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Persistence of Lyme Disease Due to Antimicrobial Tolerance?

In this mini review article, researchers examine the important and potential role of antibiotic tolerance/persistence in Borrelia spp. (Lyme disease bacteria) and Post treatment Lyme Disease Syndrome (PTLDS). Many hypotheses have been proposed and studies have been conducted to attempt to determine the potential causes of persistent Lyme disease or PTLDS. Studies have examined autoimmunity, cross-reactivity, molecular mimicry, coinfections, and Borrelia tolerance/persistence to many antimicrobials.

Several studies have shown that B. burgdorferi becomes tolerant to antimicrobials and may persist in both animals and humans after exposure to the currently recommended antimicrobial treatment. This response has been observed clinically in patients through both in vitro studies as well as studies conducted in both laboratory mice and nonhuman primates.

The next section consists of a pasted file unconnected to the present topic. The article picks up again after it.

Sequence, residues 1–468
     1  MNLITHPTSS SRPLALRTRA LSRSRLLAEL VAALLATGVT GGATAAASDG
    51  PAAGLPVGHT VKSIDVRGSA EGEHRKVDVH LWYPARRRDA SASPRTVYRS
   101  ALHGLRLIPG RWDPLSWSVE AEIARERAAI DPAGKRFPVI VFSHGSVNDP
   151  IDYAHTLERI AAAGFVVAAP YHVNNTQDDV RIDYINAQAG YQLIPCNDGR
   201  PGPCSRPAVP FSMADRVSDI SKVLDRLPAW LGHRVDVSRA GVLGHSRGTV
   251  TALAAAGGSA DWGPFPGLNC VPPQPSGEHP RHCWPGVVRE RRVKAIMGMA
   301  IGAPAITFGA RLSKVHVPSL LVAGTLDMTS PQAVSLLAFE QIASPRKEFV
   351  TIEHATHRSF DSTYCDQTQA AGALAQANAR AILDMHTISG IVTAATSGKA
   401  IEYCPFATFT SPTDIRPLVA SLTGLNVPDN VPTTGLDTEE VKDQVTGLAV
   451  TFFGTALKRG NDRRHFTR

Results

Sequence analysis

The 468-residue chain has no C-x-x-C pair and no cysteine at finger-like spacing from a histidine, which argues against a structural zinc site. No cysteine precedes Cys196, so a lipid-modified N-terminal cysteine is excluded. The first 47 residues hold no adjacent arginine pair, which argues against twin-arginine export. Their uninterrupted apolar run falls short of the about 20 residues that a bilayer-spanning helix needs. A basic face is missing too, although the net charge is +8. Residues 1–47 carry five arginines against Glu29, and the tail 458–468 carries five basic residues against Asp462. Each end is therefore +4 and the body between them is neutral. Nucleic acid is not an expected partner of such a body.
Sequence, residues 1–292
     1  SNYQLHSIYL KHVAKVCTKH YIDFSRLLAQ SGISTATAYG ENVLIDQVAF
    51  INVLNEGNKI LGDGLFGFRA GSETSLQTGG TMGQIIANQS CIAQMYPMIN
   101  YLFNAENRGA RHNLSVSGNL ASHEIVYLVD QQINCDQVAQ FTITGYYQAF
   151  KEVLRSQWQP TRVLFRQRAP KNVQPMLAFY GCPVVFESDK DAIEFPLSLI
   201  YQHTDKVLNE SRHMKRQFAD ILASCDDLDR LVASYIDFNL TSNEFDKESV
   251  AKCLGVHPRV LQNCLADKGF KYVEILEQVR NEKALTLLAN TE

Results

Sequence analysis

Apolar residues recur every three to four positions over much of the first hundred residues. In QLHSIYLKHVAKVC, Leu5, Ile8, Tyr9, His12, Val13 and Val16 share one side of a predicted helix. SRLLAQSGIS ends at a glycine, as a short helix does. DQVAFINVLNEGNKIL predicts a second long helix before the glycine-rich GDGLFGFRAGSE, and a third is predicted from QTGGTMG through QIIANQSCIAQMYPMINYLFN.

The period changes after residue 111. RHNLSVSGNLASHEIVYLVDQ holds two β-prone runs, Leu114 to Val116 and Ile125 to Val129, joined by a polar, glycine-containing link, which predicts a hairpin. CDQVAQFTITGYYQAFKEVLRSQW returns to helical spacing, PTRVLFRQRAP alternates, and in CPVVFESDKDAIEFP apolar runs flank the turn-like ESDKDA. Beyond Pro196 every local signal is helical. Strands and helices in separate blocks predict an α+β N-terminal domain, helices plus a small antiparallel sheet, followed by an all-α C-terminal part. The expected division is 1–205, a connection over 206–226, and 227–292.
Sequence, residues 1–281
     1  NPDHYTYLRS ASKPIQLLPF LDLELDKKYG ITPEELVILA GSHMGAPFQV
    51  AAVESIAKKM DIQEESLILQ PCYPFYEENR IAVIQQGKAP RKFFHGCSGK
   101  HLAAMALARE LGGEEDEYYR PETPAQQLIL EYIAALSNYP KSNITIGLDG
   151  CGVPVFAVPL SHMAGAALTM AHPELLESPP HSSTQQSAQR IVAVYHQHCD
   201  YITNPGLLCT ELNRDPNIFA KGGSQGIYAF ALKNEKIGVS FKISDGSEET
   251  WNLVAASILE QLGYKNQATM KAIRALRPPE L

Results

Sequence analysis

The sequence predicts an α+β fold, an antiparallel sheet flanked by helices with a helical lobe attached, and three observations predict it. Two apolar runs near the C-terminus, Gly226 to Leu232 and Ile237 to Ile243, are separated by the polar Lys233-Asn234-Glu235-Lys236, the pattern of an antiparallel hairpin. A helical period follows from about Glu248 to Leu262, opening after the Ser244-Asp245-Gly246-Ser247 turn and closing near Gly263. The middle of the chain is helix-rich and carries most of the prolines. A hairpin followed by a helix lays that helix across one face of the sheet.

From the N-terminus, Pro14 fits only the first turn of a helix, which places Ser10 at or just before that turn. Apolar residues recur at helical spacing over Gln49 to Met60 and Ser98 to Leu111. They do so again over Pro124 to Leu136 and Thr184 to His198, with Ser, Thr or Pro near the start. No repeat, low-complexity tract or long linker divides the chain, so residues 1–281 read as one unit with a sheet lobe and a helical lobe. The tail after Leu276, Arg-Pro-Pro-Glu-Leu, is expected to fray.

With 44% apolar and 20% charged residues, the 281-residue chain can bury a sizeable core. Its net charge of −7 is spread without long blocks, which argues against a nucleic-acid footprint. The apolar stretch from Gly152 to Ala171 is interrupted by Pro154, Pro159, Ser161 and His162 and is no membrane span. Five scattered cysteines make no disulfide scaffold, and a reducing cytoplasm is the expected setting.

This antibiotic persistence/tolerance has also been documented in clinical reports describing efficacy of repeated and extended antimicrobial treatment that resolve some cases of Lyme arthritis and improve other symptoms in some patients. These findings in humans, although not definitive, are consistent with observations found in animal models (mice and non-human primates) as well as a wide range of in vitro studies. 

B. burgdorferi is also pleomorphic (able to assume different forms) and has the ability to generate viable, nonculturable bacteria, providing further evidence of antimicrobial tolerance. Authors suggest that the multiple regulatory pathways and structural genes including “the stringent (rel and dksA) and host adaptation (rpoS) responses, sugar metabolism (glpD), and polypeptide transporters (opp)” may be influencing tolerance/persistence of bacteria.  Authors suggest that clinical studies may help illuminate how bacterial antibacterial tolerance/persistence plays a role in the development of Lyme disease/PTLDS  by applying this new knowledge to future studies. 

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Read additional LDA articles on persistent Lyme disease here